NEKed Bridges

UNCOVER THE COVERED TREASURES OF THE NORTHEAST KINGDOM


It’s fun to travel back in time.

Movies are the easiest way. With the push of a button, you can fly back as far as any Discovery Channel show will take you. Books can do it, too, but there is more imagination required. But if you really want to work for it, you can drive back in time. And Vermont’s covered bridges provide that portal.

Close to 1,300 covered bridges were built in Vermont between the early 1800s and 1900s. They were covered with roofs to protect the wooden truss work from the weather and the rot it would bring. But rot was the least of anyone’s worry when the Great Flood of 1927 poured into the state. Over two days in November of that year, north of 1,200 of the iconic structures were swept away. There are little more than 100 left standing today.

That number got even lighter in February. The River Road Bridge in the NEK town of Troy burned when a snowmobile crossing it caught fire, its flames leaping onto the bridge’s timbers. Within minutes, the bridge was fully engulfed, eventually collapsing into the Missisquoi River. It was 111 years old.

When it was built in 1910, people in town were still getting around on horseback. The newly formed Green Mountain Club had just started to cut what would become the Long Trail. And down the road in St. Johnsbury, 10,000 people showed up at the Caledonia County Fair to watch the first airplane flight in Vermont.

The town of Troy didn’t just lose a bridge. It lost a part of history.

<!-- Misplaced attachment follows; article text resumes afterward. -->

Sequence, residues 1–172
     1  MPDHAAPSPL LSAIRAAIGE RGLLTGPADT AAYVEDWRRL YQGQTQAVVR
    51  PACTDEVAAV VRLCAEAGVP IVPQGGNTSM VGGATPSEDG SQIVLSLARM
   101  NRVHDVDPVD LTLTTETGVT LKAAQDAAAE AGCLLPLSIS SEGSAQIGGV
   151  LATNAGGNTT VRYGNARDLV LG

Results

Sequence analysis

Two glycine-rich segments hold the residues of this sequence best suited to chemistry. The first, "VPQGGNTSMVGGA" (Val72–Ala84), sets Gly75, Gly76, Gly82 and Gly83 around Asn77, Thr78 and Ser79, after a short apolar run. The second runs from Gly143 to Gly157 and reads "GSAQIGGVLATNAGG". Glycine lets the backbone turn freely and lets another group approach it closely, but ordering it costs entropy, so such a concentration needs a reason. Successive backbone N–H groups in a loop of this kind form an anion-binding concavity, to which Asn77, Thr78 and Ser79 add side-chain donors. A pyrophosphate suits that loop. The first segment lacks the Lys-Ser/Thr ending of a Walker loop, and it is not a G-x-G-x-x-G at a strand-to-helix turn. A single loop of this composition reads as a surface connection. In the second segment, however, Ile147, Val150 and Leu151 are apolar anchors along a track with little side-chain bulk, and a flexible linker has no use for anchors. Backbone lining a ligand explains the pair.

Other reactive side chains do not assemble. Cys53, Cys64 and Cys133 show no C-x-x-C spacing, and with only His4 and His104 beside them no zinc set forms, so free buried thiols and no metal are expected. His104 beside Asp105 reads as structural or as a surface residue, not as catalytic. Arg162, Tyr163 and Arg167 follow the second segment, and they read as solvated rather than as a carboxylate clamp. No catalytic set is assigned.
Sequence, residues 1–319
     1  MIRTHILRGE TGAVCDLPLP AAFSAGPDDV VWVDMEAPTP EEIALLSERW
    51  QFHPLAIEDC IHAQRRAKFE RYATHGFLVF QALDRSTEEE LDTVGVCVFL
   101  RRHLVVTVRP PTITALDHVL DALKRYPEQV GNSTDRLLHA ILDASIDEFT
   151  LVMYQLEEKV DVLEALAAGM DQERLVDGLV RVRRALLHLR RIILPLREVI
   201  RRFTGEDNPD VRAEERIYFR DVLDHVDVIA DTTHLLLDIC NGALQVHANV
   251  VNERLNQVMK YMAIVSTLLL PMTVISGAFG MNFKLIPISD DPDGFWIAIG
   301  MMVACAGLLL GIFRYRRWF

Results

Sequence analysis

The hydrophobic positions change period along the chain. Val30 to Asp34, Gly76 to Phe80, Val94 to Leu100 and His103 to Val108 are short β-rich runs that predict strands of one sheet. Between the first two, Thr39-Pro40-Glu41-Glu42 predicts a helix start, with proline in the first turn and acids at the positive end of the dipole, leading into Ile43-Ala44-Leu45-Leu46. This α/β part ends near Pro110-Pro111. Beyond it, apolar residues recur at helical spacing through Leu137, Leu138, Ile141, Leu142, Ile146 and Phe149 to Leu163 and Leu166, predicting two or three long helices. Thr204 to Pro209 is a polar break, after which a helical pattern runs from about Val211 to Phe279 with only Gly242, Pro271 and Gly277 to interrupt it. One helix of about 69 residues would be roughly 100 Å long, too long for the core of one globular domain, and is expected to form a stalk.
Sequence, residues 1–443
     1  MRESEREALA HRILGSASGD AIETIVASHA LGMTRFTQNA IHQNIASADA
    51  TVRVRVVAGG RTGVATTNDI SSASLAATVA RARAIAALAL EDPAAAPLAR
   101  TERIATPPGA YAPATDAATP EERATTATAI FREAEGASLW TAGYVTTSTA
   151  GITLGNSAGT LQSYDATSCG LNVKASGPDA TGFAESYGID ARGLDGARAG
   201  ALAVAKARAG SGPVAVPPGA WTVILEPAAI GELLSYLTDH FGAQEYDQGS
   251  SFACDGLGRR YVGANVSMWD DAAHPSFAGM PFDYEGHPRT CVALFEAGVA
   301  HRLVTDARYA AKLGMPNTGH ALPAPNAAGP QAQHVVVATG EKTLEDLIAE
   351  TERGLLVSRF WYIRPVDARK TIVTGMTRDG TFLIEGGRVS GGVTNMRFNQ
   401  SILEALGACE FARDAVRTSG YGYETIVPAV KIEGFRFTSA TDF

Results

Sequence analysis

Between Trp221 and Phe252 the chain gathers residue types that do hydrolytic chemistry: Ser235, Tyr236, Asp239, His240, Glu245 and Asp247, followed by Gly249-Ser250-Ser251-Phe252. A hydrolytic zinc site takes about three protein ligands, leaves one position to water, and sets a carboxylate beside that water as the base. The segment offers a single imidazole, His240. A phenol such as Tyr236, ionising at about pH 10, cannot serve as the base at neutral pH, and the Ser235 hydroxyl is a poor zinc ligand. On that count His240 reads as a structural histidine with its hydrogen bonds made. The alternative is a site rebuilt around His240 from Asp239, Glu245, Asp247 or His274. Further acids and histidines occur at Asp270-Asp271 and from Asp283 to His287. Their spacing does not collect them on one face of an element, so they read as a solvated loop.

There is, however, still plenty of history to be had.

There are eight covered bridges still standing in the NEK. Not only do they offer the opportunity to travel as far back as 1878 (the Millers Run bridge in Lyndon,) visiting them takes you off the beaten path and into the soul of the Kingdom. And if that’s not enough of a reason to jump in the car, we now have a NEKed Covered Bridges Adventure for you. (So, now you’ll come away rich with shwag as well as historical knowledge.)

The new Adventure will take you to a town or two you have probably never heard of. (Lemington, anyone?) You might even find yourself in New Hampshire. And as an added perk, routes along the NEKed Bridges Adventure just happen to intersect with a few destinations from the Naturally NEKed Adventure, doubling your chances to earn some sweet getNEKedVT shwag.

The warm season is coming NEK fans. It’s time to take a drive.

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Funding for this site was provided with support from:

A Rural Business Enterprise Grant from USDA Rural Development.

Federal funds under award 01-79-14768 from the Economic Development Administration,

U.S. Department of Commerce.

The Northern Border Regional Commission

The Vermont Community Foundation

Northern Forest Center

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